Library

3 March 2015

Lectures, listening skills, and note-taking

Whether you’re in a first-year class with 200 others, or a cosy, intimate third-year lecture featuring you and 15 classmates, your listening and note-taking skills are crucial for success....by Romney Adams.

Doodles on a notepad

Nothing is worse than getting to the end of the year and finding stuff like this in place of notes =>

Entertaining? Yes. Useful? ...not so much. Here’s our quick guide to surviving in the lecture theatre.

Sit down, shu-- ... be quiet

While of course, you are welcome to ask questions in lectures, your primary concern is to listen, and take notes. Talking is an obvious distraction, not only to yourself, but also to your neighbours - you’d be surprised at how far two whispering voices can travel in a lecture theatre!

Mary and Lucas had this huge fight, but then....Listen up, and take notes

Generally speaking, your lecturers will make their slides available to you, before or after class. So, you shouldn’t think of note-taking as simply copying down what your lecturer has on their slides - chances are these will be given to you, so writing their content down will simply be a waste of time.

What’s better is to listen out for important pieces of information you can use to strengthen the content of the lecture slides. If you’ve been given the slides beforehand (check Moodle!), you can print them off, and annotate them in-class.

It’s not necessary to write down everything your lecturer has to say - you can usually tell simply by the lecturer’s tone of voice, emphasis, or even body language, as to whether the information you’re about to receive is of particular importance.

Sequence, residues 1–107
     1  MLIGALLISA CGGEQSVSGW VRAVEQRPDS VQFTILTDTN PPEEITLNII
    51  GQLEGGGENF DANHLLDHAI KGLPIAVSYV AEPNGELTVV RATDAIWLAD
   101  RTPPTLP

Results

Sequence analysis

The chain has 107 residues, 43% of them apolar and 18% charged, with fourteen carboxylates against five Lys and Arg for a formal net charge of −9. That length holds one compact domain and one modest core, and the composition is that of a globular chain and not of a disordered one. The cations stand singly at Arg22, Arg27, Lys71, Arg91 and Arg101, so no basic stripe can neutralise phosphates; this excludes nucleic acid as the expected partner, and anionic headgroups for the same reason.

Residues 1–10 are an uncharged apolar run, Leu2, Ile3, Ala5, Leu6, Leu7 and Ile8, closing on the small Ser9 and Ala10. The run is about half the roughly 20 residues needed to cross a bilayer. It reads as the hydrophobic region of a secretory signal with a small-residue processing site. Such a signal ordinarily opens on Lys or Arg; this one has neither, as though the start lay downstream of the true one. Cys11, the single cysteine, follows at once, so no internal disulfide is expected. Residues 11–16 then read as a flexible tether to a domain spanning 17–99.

Tablets and laptops are great to bring to class, but, as we all know, they can be incredibly distracting. Consider going back to Classical times and just bring pen and paper - you won’t find yourself scrolling through StalkerSpace, and any doodling you do may actually help improve your concentration!

Participate

When using Allocate+ to submit your preferences, you may have noticed the lecture component of your classes are sometimes referred to as ‘seminars’, or ‘workshops’. These still follow the basic principles of a lecture, however greater participation is encouraged - it may even form some of your overall mark for the unit. Participation does not simply mean being present - you’ll be expected to engage with the teaching staff and ask questions - another good reason to listen to what’s being said!

What if I can’t make it?

The life of a student is busy, and sometimes, due to seen or unforeseen circumstances, it’s not always possible to attend your lectures. If this is the case, don’t worry! Many lectures are captured and stored for your viewing pleasure on MULO. This is also a great source for exam revision at the end of semester.

If your lectures aren’t recorded, things are a little trickier - but not impossible. Teaching staff are usually understanding if you have a good reason for not being able to attend, and may be able to email a copy of the slides to you - it goes without saying that the after-effects of partying are not considered to be ‘good reason’! You can also ask your lecturer if you can have a quick consultation/appointment with them, to catch up on anything important you may have missed. If you know you’re going to miss a class, you can also ask friends to take notes for you - it helps if you shout them coffee or a pint in return, to show your appreciation.

Do you have any tips or tricks for listening and note-taking in lectures? Or perhaps a suggestion of how not to behave? Comment below!

[Illustrations created by Romney Adams]


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